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Second Gen, are You Ready to Succeed?

The Second Generation Dilemma

Government entities, MNCs and some local organisations do have proper ways of planning their employees’ careers.  Preparing them for leadership positions is part of that, if they foresee such need. Many high quality leadership trainings in all kind of duration and focus are available for anyone to take up. 

Our frequent interaction with SME leaders has taught us that such planning is rarely on their radar screen. It is pretty clear – but unspoken – that daughter or son are supposed to take over the business that has been built by their parents or grandparents over the past decades. Many of them do not think about preparing their successors in a structured way. They might not be aware of the need for a structured succession planning. And they may not have the know-how.

At the same time, the SME is made of two groups of employees: Firstly, there is the group of staff who grew up with and stick to the founder. Secondly, there is the group of people who were hired recently. Very often, they get in, smell too much SME and get out. They are not against SME, otherwise they would not have considered SME in the first place. 

When the founder of the family business started some 30+ years ago, it was ok to lead by command and control whilst authority was given by ownership and hierarchy. This has changed over the years. Employees are rightfully more demanding. They may not stay very long when they experience some traditional leadership styles.

“We need to train our employees for better performance,” is a statement by the second generation.

“Training them? I hire them to do the job! We do not waste money on that!” is a rather common sentiment by the older generation.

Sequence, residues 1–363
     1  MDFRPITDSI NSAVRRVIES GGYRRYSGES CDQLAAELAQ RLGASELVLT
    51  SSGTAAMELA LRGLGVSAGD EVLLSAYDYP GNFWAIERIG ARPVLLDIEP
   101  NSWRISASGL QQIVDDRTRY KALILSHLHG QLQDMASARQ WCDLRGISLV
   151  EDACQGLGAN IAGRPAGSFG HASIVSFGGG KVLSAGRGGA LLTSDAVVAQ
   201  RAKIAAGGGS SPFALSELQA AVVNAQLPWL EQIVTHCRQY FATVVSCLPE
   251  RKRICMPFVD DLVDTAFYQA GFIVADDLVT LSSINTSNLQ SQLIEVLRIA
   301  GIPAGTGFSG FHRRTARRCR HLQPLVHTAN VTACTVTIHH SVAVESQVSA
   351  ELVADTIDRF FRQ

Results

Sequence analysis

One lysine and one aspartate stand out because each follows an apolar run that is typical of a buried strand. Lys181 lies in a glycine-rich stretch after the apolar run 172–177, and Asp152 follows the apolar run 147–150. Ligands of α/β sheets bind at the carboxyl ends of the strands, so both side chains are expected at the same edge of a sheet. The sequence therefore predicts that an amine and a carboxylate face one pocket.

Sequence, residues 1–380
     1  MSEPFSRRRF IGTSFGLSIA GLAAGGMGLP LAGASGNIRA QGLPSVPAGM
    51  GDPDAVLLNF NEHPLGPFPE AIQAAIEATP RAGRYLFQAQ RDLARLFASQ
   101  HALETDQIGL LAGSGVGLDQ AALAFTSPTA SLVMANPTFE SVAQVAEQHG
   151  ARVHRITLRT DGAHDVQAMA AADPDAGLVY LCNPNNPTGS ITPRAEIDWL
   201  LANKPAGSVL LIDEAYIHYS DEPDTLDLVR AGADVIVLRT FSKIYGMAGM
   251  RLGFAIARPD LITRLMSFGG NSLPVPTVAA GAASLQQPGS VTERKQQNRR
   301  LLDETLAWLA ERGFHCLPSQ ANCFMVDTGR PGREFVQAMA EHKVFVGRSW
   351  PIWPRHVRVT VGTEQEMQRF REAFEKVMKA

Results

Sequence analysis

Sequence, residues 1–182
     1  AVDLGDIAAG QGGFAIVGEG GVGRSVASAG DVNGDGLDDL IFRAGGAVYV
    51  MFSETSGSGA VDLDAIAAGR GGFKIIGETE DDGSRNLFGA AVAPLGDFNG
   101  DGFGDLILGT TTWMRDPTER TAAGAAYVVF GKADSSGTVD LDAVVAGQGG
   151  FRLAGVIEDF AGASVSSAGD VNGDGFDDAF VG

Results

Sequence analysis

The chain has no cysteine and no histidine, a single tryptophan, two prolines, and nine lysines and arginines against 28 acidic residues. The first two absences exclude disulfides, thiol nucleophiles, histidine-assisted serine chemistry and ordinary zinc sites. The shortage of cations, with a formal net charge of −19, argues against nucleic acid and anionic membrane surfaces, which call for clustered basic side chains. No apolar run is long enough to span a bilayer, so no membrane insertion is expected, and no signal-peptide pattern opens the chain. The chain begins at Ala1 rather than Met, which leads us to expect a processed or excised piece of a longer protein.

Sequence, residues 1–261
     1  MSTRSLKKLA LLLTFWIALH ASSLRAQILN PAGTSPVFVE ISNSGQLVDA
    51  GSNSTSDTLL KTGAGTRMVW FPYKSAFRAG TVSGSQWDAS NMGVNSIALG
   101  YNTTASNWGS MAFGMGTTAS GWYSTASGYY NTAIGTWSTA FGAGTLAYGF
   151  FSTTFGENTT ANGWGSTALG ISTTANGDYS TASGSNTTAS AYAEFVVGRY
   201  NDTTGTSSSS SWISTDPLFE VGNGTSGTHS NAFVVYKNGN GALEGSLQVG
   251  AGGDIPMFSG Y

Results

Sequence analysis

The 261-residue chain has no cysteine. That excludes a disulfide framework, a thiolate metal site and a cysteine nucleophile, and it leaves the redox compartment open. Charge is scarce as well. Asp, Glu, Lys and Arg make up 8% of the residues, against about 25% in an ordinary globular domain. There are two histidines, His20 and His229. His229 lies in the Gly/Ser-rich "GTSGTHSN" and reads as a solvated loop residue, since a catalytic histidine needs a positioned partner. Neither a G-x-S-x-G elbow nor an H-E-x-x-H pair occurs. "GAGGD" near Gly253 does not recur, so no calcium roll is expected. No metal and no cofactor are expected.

Work, workplace and workforce have changed since the early days of the founder. This change may have resulted in a second generation dilemma. 

Issues Second Generation Leaders May Face

In order to overcome them, it is necessary to face potential succession issues and their root causes first. 

Not Knowing the “Real Business”

When the next generation grew up, they saw mummy and daddy running the business more or less without the kids getting involved. They got to enjoy the benefits but did not get exposed to all the ups and downs the older generation had to go through. Mummy and daddy have been shielding them. As a result, the next generation may have a biased perspective on the business and may not be prepared for hardship.

Not Planning for Succession

In families who own a business, succession planning is rarely a topic discussed at the dinner table. If there is only one successor, there seems to be no need for any discussion. If there are siblings, the unspoken assumption is often that the eldest sibling takes over.

The parents go on running the business hoping that one day someone will be ready and willing to take over. Part of the reason for that is, that they do not know better. Yet, without preparation, this someone might not be ready. And, without a heart-to-heart talk in the family they may not know that this someone made other plans already.

Not Giving the Successor a Chance

In some family businesses, the father has passed the baton to the successor, but not really. Officially, daughter has the responsibility. But daddy is good in micro managing and likes to handle things his own way. This is especially harmful when daddy and daughter give conflicting messages.

Of course, employees would first follow the father even if the daughter has the title “CEO”. Some of the employees have been working with the father for many years. 

The reason for father intervening is mostly, that he has much more experience and has seen all situations before. He knows how to fix things. Daughter doesn’t. And she will never get a chance to learn if daddy keeps fixing things for her and, by the way, greatly undermining her authority.

What Can They Do?

Learn the Business in All Its Facets

The older generation needs to involve the kids as soon as possible in business dealings. This involvement must not be limited to drinking sessions with important clients but must involve the tough negotiations with those, with suppliers and bankers. And, they must experience all the setbacks and the ways out of them.